Bias – The Decision Making Toolkit

The following is an excerpt from my book The Creator’s Handbook:

Classical economic models and political theories treat humans as rational outcomes optimizers. They assume that we either have perfect information or that we rationally engage the information that is available in order to make decisions. However, as the field of economics and political science started to focus on the psychology behind decisions, a new and more nuanced understanding of human decision-making has emerged. One in which our decisions can be best understood not by what we know or what our goals are, but rather by the biases we use to process information.

Bias has a very undeserved reputation as something problematic that must be eliminated. However, that ignores the important role bias has played in the iterative development of the human brain over last 2 million years. What we call biases are merely reflections of how the software that is our brain operates. And they allow us to create decision-making models much more adaptive and responsive to environmental change than all other mammals. Our technological accomplishments and ability to not just survive but thrive in virtually any of Earth’s many climates are a consequence of using biases to navigate within a chaotic universe.

From an objective view of modern society, many of our biases lead to irrational behaviors. TV Talking Heads often talk about people voting against their interests, and one can often observe highway drivers in a hurry weave through traffic but end up taking longer to reach their destination. However, biological evolution has never been a process of becoming more rational. It is instead a process of successful iterative adaptation to changes in the environment over long periods of time. An OODA loop of sorts that plays out each generation. From a biological point of view, biases have served an important role in helping humans not only adapt better than virtually all other mammals, but develop advantages that have grown into planetary supremacy – for better or for worse.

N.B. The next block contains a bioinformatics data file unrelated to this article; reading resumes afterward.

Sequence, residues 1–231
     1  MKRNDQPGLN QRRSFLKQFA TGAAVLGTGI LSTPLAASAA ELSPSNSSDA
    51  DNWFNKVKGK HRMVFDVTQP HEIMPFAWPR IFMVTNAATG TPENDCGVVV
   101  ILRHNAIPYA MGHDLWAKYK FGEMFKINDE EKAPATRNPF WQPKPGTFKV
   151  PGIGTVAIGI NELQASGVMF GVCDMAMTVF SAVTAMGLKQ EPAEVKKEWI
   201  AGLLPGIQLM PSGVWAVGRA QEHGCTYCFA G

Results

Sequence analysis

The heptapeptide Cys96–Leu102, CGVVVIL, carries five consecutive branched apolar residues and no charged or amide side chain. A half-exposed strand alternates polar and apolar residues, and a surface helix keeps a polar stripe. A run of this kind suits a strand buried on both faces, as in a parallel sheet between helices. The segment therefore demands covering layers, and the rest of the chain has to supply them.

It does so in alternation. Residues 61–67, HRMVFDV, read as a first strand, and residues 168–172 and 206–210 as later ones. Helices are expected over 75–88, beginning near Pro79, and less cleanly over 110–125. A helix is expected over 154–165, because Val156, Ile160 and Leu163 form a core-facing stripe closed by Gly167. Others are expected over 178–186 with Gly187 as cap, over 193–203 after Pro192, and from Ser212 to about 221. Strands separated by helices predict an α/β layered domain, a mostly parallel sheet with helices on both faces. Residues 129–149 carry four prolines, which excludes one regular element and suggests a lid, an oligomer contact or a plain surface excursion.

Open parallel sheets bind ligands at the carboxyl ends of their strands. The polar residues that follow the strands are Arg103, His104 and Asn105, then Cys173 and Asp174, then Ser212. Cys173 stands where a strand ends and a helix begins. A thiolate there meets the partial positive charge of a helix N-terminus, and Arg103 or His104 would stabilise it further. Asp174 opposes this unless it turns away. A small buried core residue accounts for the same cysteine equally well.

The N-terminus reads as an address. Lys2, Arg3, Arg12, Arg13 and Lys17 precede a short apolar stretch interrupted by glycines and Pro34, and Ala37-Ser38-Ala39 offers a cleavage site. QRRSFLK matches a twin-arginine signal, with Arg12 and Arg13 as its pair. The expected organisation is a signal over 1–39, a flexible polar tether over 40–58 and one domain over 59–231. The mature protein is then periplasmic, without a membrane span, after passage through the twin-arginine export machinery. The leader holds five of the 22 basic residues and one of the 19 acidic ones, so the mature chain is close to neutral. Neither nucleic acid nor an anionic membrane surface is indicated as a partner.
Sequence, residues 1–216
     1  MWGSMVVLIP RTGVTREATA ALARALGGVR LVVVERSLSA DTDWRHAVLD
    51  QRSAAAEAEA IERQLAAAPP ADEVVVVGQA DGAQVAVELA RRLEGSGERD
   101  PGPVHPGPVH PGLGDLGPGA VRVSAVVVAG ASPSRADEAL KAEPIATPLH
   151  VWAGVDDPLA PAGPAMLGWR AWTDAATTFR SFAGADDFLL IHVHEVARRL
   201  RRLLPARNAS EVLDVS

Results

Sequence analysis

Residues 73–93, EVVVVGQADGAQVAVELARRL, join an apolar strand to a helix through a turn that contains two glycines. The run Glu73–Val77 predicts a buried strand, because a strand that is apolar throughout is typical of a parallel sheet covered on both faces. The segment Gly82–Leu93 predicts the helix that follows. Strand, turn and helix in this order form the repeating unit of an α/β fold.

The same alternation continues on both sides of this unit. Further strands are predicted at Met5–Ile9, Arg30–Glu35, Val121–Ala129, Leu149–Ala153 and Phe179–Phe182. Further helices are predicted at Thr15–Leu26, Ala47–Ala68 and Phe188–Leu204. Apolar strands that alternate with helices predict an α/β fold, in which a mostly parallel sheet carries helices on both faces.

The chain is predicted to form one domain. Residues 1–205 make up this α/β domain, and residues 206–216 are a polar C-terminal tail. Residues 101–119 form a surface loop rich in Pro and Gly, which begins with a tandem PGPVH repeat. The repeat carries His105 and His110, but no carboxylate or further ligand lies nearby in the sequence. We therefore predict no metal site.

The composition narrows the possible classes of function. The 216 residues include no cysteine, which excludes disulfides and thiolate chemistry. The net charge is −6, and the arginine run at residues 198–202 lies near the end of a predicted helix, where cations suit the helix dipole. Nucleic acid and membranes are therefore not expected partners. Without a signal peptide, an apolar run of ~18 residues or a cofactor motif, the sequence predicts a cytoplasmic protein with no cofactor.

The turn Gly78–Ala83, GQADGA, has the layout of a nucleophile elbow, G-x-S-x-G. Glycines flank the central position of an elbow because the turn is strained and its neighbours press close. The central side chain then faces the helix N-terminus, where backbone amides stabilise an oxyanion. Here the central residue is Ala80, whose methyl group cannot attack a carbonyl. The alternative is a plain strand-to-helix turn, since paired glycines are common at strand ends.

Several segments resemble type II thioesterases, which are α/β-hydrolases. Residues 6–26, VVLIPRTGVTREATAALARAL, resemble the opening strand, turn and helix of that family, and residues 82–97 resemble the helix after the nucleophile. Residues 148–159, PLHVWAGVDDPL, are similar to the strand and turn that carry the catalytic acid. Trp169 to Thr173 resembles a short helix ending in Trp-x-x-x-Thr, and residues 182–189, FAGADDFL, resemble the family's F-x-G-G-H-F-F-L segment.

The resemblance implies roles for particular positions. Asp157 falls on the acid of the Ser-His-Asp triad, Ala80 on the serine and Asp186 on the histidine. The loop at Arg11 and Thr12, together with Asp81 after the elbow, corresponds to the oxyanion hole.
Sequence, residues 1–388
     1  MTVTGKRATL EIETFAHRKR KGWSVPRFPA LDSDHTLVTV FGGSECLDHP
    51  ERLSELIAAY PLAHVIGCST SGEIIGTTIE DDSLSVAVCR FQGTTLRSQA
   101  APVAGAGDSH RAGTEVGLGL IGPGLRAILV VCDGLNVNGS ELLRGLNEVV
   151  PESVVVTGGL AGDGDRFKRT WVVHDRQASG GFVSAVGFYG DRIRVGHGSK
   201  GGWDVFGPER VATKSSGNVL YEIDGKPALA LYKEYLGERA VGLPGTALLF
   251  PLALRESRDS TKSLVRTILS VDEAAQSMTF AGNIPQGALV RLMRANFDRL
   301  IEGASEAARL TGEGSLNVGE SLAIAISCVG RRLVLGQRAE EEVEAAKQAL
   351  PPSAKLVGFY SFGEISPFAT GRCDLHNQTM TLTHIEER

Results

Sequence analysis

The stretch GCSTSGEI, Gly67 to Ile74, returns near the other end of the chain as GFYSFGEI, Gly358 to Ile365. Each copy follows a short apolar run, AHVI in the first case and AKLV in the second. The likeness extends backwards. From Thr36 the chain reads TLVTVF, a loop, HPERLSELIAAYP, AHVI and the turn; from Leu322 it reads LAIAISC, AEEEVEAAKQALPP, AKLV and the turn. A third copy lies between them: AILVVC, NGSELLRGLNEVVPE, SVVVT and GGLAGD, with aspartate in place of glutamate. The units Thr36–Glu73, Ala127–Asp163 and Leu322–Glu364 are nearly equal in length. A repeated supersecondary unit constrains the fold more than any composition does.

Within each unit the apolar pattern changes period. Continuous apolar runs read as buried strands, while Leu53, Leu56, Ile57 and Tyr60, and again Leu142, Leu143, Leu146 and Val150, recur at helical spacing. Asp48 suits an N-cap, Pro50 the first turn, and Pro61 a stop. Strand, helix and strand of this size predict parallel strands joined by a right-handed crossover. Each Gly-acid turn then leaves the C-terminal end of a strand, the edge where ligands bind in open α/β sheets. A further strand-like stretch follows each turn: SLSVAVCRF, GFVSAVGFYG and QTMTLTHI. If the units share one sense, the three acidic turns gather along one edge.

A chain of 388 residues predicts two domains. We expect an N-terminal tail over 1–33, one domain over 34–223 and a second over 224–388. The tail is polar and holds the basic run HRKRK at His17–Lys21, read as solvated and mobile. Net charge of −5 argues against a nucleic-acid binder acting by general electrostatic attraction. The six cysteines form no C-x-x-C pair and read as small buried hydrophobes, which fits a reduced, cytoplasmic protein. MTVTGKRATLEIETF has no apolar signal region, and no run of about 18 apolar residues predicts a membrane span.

The major biases that shape our decision-making are:

1. Anchor bias – giving undue weight to the very first piece of information received
2. Availability bias – overestimating the importance or reliability of information that is most readily available
3. Bandwagon bias – adopting a belief simply because other people have that same belief
4. Blind-spot bias – unawareness of one’s own biases
5. Choice-supportive bias – rationalizing a poorly constructed decision
6. Clustering illusion – finding patterns in events that are actually just random
7. Confirmation bias – seeking out or accepting only information that confirms our existing beliefs
8. Conservatism bias – favoring prior evidence over new evidence regardless of the strength of new evidence
9. Information bias – tendency to seek additional information, even when it does not add value towards making a decision
10. Ostrich effect – ignoring information that is negative or threatens the ego
11. Outcome bias – judging a decision based on outcome and not on information available
12. Overconfidence bias – overestimation of one’s abilities
13. Placebo bias – an experience caused solely by the belief that the experience will happen
14. Recency bias – favoring newer information over older information
15. Salience bias – focusing on the most easily recognizable features of a thing or idea
16. Selection bias – expectations influencing perception more heavily than sensory data
17. Survivorship bias – judging an experience based only on information from those who succeeded
18. Zero-risk bias – evaluating options through the lens of what is lost in the event of failure
19. Sunk cost bias – favoring a previous, costly decision over a new alternative to avoid taking a loss

To read more, you can buy The Creator’s Handbook on in both paperback and on your favorite e-reader format